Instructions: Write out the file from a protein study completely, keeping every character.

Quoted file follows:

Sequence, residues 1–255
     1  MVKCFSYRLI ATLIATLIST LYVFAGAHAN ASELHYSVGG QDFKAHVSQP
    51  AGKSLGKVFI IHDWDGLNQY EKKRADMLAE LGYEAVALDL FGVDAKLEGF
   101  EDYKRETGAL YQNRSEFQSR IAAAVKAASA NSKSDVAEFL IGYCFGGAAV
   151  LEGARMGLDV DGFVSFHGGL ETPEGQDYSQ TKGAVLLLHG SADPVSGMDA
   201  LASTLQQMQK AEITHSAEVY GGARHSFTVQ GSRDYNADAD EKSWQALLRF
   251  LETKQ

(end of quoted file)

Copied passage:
Sequence, residues 1–255
     1  MVKCFSYRLI ATLIATLIST LYVFAGAHAN ASELHYSVGG QDFKAHVSQP
    51  AGKSLGKVFI IHDWDGLNQY EKKRADMLAE LGYEAVALDL FGVDAKLEGF
   101  EDYKRETGAL YQNRSEFQSR IAAAVKAASA NSKSDVAEFL IGYCFGGAAV
   151  LEGARMGLDV DGFVSFHGGL ETPEGQDYSQ TKGAVLLLHG SADPVSGMDA
   201  LASTLQQMQK AEITHSAEVY GGARHSFTVQ GSRDYNADAD EKSWQALLRF
   251  LETKQ